In this way we don't lose the get and set sections of our properties that would have been lost if we would have choosed to don't reuse the types in the referenced assemblies.

Now we want to avoid the serialization of certain fields because we will use them only in the client code and we don't want to download or upload them by the wcf web service and waste bandwidth.

To achieve this we can extend the partial class ClassToBeSerialized in the Silverlight class Library in a different file but, this time, we won't link this file in the full Clr project.

Doing in this way the web service code won't see the properties added in the class extension and so these properties won't se serialized.

Let's see the partial class extension:

   1 using System;
2 using System.Net;
3 using System.Windows;
4 using System.Windows.Controls;
5 using System.Windows.Documents;
6 using System.Windows.Ink;
7 using System.Windows.Input;
8 using System.Windows.Media;
9 using System.Windows.Media.Animation;
10 using System.Windows.Shapes;
11 using System.ComponentModel;
13 namespace MyClassLibrary
14 {
15 public partial class ClassToBeSerialized : SerialObject, INotifyPropertyChanged
16 {
17 // if you add things that you want to see only within the Silverlight Client
18 // you can add them in an other partial class file.
19 // in this way the compiler doesn't complain about the System.Windows.* namespace
20 // and so you can use, for example, things like a MessageBox
22 private String _Surname = "";
23 public String Surname
24 {
25 get
26 {
27 return _Surname;
28 }
29 set
30 {
31 _Surname = value;
33 _Surname += " is a nice Surname!!!";
35 MessageBox.Show("Surname Changed!");
37 NotifyPropertyChanged("Surname");
39 }
40 }
41 }
42 }

You can see that I alter the Surname every time I set it adding " is a nice Surname!!!". This just to show that when I modify this property in the client code the setter is enabled and working.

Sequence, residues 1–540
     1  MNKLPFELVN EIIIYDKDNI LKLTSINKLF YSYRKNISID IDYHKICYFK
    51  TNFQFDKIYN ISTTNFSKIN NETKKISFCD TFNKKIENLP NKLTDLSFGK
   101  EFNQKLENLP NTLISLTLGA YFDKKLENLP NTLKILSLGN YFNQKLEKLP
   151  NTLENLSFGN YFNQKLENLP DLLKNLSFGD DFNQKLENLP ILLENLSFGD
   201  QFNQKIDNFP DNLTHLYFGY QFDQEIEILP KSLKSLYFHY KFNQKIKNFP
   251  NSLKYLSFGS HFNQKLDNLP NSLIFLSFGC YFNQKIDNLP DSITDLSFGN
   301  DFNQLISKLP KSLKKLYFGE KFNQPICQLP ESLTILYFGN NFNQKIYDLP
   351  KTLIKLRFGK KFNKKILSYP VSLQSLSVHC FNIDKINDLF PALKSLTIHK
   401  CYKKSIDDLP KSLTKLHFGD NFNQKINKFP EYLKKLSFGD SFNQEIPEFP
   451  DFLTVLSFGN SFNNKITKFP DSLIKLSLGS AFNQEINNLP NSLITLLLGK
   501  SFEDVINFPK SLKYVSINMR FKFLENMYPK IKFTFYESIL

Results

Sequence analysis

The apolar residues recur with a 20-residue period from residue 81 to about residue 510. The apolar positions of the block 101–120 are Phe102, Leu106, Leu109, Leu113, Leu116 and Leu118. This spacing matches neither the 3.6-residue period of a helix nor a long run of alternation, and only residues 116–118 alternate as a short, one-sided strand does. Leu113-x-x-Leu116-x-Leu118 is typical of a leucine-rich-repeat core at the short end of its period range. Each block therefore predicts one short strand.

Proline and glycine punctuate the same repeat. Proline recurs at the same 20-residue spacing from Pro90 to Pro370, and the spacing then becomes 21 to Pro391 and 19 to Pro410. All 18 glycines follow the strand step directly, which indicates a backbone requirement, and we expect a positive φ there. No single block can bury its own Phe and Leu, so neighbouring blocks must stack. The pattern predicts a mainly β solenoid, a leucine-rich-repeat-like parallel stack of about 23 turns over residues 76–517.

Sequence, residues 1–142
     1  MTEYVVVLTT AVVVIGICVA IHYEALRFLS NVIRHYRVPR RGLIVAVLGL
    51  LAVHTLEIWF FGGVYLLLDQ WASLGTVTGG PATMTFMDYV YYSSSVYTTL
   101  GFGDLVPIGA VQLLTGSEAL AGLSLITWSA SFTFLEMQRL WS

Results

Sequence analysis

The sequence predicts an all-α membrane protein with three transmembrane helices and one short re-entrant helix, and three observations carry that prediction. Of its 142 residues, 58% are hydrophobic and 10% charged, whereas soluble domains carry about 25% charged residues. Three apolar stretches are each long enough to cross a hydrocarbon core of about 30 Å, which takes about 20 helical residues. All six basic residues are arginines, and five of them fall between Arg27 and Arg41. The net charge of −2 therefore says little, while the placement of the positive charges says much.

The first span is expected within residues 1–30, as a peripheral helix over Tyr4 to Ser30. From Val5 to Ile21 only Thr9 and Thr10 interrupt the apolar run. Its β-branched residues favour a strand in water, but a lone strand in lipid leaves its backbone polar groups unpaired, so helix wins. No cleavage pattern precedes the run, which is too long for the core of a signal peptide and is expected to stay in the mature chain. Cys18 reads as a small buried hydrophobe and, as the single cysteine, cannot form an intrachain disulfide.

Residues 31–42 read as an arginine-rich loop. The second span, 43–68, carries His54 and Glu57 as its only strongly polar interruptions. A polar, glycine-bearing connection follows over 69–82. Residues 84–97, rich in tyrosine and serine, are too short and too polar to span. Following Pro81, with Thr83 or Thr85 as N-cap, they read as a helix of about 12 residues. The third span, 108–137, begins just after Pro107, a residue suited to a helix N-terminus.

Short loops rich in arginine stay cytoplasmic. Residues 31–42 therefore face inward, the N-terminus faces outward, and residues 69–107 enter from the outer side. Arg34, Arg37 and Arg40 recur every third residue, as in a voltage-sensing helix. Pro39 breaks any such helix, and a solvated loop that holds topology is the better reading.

You can also note that I can use a MessageBox because I can use the System.Windows.* namespaces since this file is not linked in the full Clr project and so it's not cross compiled.

Here I link a small project where you can see these few things together:

You can verify that the Surname isn't serialized or sent across the wire using Fiddler. Since Fiddler won't display localhost traffic you may want to follow these steps:
1) Start the project by pressing F5 (start debug).
2) Copy the address from your browser address bar.
3) Stop the debugging session.
4) Right click the web project in the Visual Studio Solution explorer panel.
5) Select Property Pages -> Start Options
6) Select Start url and paste the url copied from the address bar and add a dot after localhost.
You should obtain something like this
http://localhost.:<your port> /SilverAssemblySerialization.Web/SilverAssemblySerializationTestPage.aspx
7) Change the web service reference configuration in the Silverlight client project to point to the right url (please note the dot):
http://localhost.:<your port> /SilverAssemblySerialization.Web/Service.svc
With these steps Fiddler will monitor the traffic of the application and you will avoid cross domain exception since the wcf service and the Silverlight client binary share the same domain http://localhost.:<your port>

The application should have enough comments tho show what is going on.